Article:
Ultimately, try to keep the situation, the patient, and the patient’s family in mind, and try to see things from their perspective, whether you understand it or not.

Responsibility and privilege

For those of you who think EMS is just a job; it isn’t ... or shouldn’t be. EMS is a privilege. You worked hard for the patch on your shoulder. That was just the beginning. You are going to have to work even harder to keep it there.

EMS is a privilege. It is a privilege of trust. You are the one who goes into peoples’ homes. You are the one who handles their belongings. More importantly, you are the one entrusted with their lives, their wellbeing, their fears, and those of their families. Trust is vital in EMS. Not only the trust of your patient and their family, but also of your coworkers, your superiors, your partner, your firefighters, your law enforcement officers. Trust is essential in EMS.

EMS is a privilege. You see the deepest beauty of life, of hope, of humanity; more than most people will ever experience. But to be entrusted with this privilege, you must also witness the pain, the sorrow, the tragedy. You are the one who needs to stay calm when everyone else is panicking. You are the one who must tell the family that their loved one has passed. You are the one who must witness the most grotesque scenes, and still walk in and help those you can. You are the one that your family calls for every emergency. You are the one who must stay focused and able to do the job when everyone else is breaking down.

EMS is a privilege. You have the privilege of teaching new people. You have the privilege of learning from them as they learn from you, and of watching them grow and develop into the next generation of healthcare providers. When you have a student, a rookie or someone asking you questions, it is your responsibility to take the time to help them learn. Don’t let your students sit in a corner all day and only talk to them when you run a call. Review things with them. Teach them. Let them tell you what they know. They are the future of EMS. You have a responsibility to them. Don’t ignore it.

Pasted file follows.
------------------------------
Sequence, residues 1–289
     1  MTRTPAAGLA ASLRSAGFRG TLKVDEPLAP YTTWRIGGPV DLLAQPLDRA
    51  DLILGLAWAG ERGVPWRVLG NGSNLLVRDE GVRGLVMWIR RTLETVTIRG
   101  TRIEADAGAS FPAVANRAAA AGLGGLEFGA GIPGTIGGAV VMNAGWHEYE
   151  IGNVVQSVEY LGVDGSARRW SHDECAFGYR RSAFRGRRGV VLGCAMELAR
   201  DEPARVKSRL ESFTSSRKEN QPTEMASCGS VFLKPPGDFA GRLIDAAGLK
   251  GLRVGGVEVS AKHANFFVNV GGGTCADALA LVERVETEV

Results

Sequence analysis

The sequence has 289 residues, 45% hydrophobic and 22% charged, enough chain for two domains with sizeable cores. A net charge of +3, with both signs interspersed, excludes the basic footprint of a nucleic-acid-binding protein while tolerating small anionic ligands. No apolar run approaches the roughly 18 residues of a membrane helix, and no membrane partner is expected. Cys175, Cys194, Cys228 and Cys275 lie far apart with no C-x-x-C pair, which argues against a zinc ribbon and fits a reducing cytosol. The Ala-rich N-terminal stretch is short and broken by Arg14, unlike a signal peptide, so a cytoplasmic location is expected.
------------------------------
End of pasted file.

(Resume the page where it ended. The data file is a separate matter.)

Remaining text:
EMS is a privilege that has been entrusted to you for safekeeping. It is up to you to keep that trust, and to continue to have the privilege of wearing the patch you have earned.

Why are you here?

Some people have the desire to do this job, to “help people”, but lack the ability to work well with others, or are unable to cope with the effects of the job, or can’t quite manage to effectively run a call well for one reason or another. It’s difficult to make an accurate evaluation of our own ability to perform effectively and whether or not this is the correct career choice for us. But it’s something we should seriously consider and be honest with ourselves about.

Anyone could do this job. Study the medicine, learn the skills, read the diagnostics, put them all together and obtain a clinical picture. Not everyone can do it well. And if you can’t take the time to find the humanity to express a little compassion, try to find a little understanding, and try to make life a little less miserable for the people we encounter, why are you here?


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Gaining patients’ confidence can be achieved by deliberate actions, like connecting with caregivers, as well as small subtleties, like body language and facial expressions

This article, originally published in August 2022, has been updated.

Tamara, a nationally registered paramedic, has been involved in emergency services for over 13 years, with both EMS and fire. She is a senior medic and clinical preceptor in a busy EMS system in central Texas, as well as spending her off days at a local emergency room. In addition to years of experience, she has extensive training in leadership, and command structure/incident control, and holds multiple certifications for both EMS and fire.